If — two letters, one little puff of breath between tongue and teeth—ranks high among language's most powerful and mysterious words: little if can build all the castles in Spain. The dictionary calls if a conjunction meaning "supposing that"; I call if a trigger word, one that signals and sets off the extraordinary mental process we call imagination.
We wake up in the morning, wash, dress, eat, and go about our lives as best we can, immersed in whatever factual reality faces us on that particular day. Then, in response to some inner or outer event, we think, "Well, if…" What follows that if could be anything under the sun—"If my boss were only a nice guy..," "God, if Mom and Dad come for the holidays…"—but by the simple act of thinking "If…" we open up a door to dozens of possible alternative worlds, worlds both like and unlike mundane daily life, worlds that we can see in detail, that we can manipulate and change to suit our changing fancies. How does if work its magic? I’ll let linguists, psychologists, and neurologists answer that. All I know is: if works.
If, of course, stands at the heart of fiction, writing that describes imaginary life. Every novel or short story is a chain of ifs that the writer answers with a matching chain of thens: "What would happen if a wealthy Russian woman in the late 19th century fell out of love with her stern husband and in love with a dashing young man-about-town. Would the husband be cruel? Would the lover be true? Would the woman be happy?"
Writers commonly use four if's to create fiction’s imaginary life: "What if these people lived?" "What if this place existed?" "What if the impossible were possible?" and "What if we knew everything?"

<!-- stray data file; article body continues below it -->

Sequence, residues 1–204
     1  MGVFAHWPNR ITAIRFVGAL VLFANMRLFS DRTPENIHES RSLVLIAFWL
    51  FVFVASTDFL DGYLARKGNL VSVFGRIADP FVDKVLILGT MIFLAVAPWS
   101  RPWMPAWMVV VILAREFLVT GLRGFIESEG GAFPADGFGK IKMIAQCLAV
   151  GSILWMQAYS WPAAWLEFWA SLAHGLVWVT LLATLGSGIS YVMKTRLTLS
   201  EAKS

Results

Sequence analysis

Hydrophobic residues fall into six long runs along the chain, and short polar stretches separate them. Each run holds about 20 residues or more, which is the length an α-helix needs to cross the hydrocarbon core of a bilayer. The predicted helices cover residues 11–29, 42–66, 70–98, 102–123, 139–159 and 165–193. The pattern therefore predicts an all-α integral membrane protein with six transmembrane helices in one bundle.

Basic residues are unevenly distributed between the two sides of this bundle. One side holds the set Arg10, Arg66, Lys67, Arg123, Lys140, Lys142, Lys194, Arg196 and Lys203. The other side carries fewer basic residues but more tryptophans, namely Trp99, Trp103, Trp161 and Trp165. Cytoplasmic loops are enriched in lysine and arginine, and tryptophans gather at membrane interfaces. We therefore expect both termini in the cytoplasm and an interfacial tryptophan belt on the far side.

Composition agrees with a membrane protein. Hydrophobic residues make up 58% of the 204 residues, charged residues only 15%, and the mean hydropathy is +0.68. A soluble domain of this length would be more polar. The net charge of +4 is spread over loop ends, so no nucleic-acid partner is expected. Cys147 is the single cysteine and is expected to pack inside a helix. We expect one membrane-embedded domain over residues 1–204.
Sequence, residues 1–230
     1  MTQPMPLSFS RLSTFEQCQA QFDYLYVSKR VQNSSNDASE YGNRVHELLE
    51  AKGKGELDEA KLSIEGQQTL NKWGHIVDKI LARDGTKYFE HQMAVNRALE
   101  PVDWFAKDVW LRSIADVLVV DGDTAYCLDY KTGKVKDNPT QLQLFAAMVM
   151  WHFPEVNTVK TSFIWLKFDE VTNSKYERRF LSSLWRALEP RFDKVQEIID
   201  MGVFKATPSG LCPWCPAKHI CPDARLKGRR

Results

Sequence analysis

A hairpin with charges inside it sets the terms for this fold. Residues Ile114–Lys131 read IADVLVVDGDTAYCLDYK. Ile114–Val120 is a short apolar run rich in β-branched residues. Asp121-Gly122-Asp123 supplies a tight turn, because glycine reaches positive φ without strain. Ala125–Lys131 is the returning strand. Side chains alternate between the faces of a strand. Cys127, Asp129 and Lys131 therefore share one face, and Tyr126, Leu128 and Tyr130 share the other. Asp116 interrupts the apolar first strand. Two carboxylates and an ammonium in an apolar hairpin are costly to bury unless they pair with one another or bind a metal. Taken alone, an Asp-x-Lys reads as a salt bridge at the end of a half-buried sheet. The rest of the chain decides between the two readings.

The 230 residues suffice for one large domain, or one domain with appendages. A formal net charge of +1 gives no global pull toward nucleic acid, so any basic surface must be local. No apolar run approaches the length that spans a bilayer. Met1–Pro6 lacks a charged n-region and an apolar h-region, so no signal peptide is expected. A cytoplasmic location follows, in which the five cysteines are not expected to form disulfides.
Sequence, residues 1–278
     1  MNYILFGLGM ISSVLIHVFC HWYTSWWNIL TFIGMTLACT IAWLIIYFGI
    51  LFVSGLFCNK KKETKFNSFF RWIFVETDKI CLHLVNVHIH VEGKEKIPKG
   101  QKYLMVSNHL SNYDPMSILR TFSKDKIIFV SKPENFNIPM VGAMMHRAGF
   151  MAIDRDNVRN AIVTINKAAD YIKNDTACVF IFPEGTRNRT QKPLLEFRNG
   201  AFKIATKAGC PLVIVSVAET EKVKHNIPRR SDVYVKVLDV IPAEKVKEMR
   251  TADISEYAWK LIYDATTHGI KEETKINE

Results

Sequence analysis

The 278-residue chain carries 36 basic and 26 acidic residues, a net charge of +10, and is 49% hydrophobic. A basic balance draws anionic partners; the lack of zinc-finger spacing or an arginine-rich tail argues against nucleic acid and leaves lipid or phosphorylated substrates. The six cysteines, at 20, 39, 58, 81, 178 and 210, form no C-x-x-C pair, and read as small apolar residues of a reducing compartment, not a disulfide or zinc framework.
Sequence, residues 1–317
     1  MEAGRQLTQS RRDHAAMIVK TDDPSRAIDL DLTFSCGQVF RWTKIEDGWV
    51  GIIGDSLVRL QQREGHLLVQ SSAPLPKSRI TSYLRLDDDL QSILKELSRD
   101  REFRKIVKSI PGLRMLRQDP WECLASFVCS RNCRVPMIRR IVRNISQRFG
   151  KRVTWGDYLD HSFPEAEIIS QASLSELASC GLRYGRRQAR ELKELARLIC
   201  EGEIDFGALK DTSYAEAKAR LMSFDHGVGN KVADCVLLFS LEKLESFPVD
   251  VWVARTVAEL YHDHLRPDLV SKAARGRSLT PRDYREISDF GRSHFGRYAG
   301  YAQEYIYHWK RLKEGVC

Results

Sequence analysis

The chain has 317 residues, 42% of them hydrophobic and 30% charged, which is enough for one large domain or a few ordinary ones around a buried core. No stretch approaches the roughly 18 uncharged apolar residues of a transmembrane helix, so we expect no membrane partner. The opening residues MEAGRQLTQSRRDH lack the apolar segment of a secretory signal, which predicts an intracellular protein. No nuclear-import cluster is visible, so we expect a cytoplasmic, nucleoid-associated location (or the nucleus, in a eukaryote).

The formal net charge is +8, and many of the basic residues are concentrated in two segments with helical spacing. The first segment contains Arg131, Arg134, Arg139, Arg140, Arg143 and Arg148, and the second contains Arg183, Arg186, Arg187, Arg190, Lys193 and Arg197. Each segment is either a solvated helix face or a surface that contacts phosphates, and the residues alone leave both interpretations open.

The first if gives birth to the imaginary characters whose lives fiction relates. Fiction’s quasi-people are among the most superb of human inventions. Each generation creates its own, and the most vital live through succeeding generations until they float deathlessly in the mind of mankind, a vast population of ghostly but beloved figures—Dickens' Miss Havisham for one:
… she had bridal flowers in her hair, but her hair was white. Some bright jewels sparkled on her neck and on her hands, and some other jewels lay sparkling on the table. Dresses, less splendid than the dress she wore, and half-packed trunks, were scattered about. She had not quite finished dressing, for she had but one shoe on—the other was on the table near her hand—her veil was but half arranged, her watch and chain were not put on, and some lace for her bosom lay with those trinkets, and with her handkerchief, and gloves, and some flowers, and a prayer-book, all confusedly heaped about the looking-glass.
Writers use "What if this place existed?" less universally, their characters often walking well-known streets in real cities. They nearly always, however, invent details of such locales, specific houses and interiors, and they frequently coalesce the features of many similar real places into one fictional place. In The Shining Stephen King invents the Overlook Hotel both as an imaginary place and as an imaginary character, the book's arch-villain who dies by fire:
The furnace exploded, shattering the basement's roofbeams, sending them crashing down like the bones of a dinosaur. The gasjet which had fed the furnace, unstoppered now, rose up in a bellowing pylon of flame through the riven floor of the lobby. The carpeting on the stair risers caught, racing up to the first floor level as if to tell dreadful good news. A fusillade of explosions ripped the place....Flame belched out of the Overlook's five chimneys at the breaking clouds.
(No! Mustn't! Mustn't MUSTN'T!)